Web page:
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Boeing Unveils ‘Evolved’ Hypersonic Aircraft Model

Boeing unveiled a “reusable hypersonic” aircraft model at the AIAA SciTech aerospace forum in San Diego last week.

The wave rider-shaped model reportedly advances the hypersonic airliner concept the company released four years ago, unofficially named Valkyrie.

Aviation Week Senior Editor Guy Norris shared images of the model on Twitter, calling it a more “realistic Mach 5 reusable air-breathing design” compared to the previous iteration and claimed that the aircraft could potentially have military and space applications.

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Quite similar to the previous design, the newer version differs in having a flattened fuselage, blunt nose, shorter wings, twin tails, and separated air inlets. 

Boeing is supposed to have released the previous concept in reaction to Lockheed Martin’s unveiling of its SR-72 design concept, intended to be a reusable intelligence, surveillance, and reconnaissance aircraft. With the release of the latest design, the company strengthens its position in the hypersonic race.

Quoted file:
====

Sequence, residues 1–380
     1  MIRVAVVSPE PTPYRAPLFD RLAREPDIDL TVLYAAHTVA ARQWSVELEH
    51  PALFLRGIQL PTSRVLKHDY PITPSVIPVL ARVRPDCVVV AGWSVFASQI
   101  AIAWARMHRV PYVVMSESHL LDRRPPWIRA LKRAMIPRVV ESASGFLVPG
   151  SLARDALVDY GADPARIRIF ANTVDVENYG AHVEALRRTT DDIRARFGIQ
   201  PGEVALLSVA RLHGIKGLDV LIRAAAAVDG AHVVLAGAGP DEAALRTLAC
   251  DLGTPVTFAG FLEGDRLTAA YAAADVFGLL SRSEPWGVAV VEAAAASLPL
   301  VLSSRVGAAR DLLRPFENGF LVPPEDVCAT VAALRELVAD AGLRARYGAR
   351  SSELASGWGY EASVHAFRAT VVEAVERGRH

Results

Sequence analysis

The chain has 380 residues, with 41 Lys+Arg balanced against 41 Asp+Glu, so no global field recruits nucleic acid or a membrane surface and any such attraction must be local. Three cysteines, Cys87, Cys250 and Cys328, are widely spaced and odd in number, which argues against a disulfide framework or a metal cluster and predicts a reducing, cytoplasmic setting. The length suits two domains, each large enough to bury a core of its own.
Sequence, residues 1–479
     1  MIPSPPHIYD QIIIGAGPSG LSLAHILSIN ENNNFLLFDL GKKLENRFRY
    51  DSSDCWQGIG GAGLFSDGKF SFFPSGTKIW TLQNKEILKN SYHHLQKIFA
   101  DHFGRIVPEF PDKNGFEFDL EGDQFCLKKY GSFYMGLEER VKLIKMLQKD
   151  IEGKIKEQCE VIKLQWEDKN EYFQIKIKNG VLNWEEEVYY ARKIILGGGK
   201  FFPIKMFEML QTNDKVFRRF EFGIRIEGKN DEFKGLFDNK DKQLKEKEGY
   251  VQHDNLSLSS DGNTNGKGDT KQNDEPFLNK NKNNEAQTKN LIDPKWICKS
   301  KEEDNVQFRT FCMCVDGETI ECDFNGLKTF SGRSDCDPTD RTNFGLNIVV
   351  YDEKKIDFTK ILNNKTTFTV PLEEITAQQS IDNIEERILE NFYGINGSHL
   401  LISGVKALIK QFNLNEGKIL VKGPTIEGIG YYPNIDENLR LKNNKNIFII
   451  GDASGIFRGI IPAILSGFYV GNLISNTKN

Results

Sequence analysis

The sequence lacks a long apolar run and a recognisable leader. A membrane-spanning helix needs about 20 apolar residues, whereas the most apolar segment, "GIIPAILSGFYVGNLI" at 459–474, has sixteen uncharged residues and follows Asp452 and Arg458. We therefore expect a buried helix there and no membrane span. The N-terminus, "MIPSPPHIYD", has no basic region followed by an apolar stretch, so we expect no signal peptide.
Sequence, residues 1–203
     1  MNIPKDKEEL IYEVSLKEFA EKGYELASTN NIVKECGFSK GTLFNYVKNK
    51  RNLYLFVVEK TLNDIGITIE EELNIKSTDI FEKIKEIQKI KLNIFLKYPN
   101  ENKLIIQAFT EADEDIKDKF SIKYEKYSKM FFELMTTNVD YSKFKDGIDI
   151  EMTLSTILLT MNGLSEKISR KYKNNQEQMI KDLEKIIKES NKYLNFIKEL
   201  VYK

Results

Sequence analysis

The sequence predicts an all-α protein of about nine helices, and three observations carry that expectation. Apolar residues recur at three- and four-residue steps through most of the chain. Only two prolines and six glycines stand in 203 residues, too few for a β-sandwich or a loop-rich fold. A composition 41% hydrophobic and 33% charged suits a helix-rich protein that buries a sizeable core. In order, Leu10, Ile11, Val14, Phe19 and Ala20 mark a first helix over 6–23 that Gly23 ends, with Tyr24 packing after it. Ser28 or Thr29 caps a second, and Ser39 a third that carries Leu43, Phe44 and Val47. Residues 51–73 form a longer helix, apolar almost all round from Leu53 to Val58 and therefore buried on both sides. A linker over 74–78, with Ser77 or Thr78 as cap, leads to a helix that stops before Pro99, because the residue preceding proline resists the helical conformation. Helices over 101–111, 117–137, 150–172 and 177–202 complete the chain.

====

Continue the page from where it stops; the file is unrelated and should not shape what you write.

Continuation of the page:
Executive director of the National Defense Industrial Association’s Emerging Technologies Institute, Mark J. Lewis, revealed to Air Force Magazine that the Berkeley-based defense giant has been working on the aircraft for a while, claiming that the latest iteration is “a little bit closer to what they’ve been working on.”

“I think that previous configurations that they were showing at conferences and meetings did not accurately represent the configurations that they’ve been developing.”

Combined-Cycle Aircraft

Lewis said that the model is a combined-cycle aircraft with a gas turbine and scramjet engine. It uses the gas turbine engine during take-off and transitions to scramjet mode when sufficient speed has been achieved.

“Designing a propulsion flow path that goes from Mach 0 to Mach 5 or Mach 6” is a daunting task, Lewis said, and “the devil is really very much in the details. Boeing, I know, has put a tremendous amount of effort into studying that propulsion flow path. And I think the most recent model reflects their understanding of the challenge.”

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